Pony Express - Australia

xp-australia The Overland Telegraph, built by the colony of South Australia in 1870 - 1872, provided Australia's first electric communication with the rest of the world. It was an extraordinary feat of construction across 2,000 miles of land largely unexplored by Europeans. The Overland Telegraph assisted the new federated nation of Australia to advance trade and defence.

The wet season had been horrendous. Around 500mm of rain had fallen in each of December and January and it was not until April 1872 that the construction parties on the northern line could resume their work.

By June they had finally reached Daly Waters. Here a pony express was organised to carry messages over the 430km gap in the line. It was hoped to relieve some of the pressure the government was facing in penalties as the contract completion date of January 1 had expired and the submarine cable had already landed at Port Darwin some months before.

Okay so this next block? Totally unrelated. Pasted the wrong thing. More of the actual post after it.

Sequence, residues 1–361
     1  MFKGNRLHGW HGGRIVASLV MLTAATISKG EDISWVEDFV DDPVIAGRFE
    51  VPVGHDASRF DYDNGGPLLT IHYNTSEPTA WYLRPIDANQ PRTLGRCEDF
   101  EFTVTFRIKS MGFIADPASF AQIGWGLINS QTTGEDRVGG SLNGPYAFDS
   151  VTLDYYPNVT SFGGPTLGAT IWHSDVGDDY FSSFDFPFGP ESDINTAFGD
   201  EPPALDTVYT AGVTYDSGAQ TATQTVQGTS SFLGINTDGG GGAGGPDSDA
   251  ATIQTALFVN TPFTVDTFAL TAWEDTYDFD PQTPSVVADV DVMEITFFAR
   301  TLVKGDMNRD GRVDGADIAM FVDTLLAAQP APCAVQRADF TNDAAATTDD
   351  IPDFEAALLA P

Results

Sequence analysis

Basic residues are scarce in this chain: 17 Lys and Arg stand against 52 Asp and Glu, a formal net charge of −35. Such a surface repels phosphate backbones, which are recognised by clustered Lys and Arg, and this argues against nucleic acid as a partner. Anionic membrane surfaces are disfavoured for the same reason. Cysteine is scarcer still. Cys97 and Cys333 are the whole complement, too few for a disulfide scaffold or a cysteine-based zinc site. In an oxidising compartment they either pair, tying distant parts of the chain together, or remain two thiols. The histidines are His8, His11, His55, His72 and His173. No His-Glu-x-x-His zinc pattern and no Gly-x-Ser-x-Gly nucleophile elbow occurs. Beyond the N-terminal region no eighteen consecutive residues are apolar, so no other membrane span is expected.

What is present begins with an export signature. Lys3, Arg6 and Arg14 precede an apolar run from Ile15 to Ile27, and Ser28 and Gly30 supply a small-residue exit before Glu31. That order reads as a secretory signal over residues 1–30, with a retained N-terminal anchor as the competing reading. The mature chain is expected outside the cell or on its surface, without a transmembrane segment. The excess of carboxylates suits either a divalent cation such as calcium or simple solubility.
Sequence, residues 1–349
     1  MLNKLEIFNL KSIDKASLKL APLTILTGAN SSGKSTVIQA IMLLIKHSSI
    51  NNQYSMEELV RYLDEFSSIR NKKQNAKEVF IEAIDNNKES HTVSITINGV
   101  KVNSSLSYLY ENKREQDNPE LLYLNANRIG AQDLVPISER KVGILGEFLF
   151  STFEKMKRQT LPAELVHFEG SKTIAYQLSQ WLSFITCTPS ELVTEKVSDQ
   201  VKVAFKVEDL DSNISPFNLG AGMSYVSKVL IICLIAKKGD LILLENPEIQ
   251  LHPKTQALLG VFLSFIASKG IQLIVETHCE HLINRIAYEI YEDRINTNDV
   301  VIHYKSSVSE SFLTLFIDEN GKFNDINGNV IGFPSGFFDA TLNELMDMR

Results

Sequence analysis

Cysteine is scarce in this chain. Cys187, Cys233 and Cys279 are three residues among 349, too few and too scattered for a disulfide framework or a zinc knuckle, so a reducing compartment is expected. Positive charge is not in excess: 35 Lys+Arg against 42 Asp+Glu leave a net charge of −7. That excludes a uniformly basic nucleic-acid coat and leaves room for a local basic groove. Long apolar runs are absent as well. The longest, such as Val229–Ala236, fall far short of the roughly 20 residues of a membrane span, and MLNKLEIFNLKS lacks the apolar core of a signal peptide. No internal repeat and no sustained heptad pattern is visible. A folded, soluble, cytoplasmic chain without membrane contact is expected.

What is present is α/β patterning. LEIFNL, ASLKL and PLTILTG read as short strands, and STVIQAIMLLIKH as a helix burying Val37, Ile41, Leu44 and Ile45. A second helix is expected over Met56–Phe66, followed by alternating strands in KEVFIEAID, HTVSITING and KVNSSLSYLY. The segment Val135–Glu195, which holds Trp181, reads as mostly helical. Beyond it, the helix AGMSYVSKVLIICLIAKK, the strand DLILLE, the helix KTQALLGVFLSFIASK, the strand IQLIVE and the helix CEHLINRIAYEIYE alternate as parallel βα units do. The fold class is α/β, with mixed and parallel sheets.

The man responsible for the building of the Overland Telegraph Line, Charles Todd, had arrived at Daly Waters on June 22 1872. Two days later, John Lewis and one of his men, Hands, rode south from Daly Waters with the first private cables ever to reach Australia.

In an amazing stroke of good fortune, the Pony Express had only just disappeared from sight when news came through from Port Darwin that the submarine cable was dead. Two days later Todd rightly assumed the repair could take months and sent a man, Boucaut, after the Pony Express.

Boucaut caught up with them at Frews Pond and they rode together to Powell Creek where fresh horses were waiting. The Pony Express arrived in Tennant Creek on July 1, by which time Boucaut had been in the saddle for one hundred and one hours out of the one hundred and thirty hour journey. He had covered 421 kms over rough terrain. A truly remarkable feat.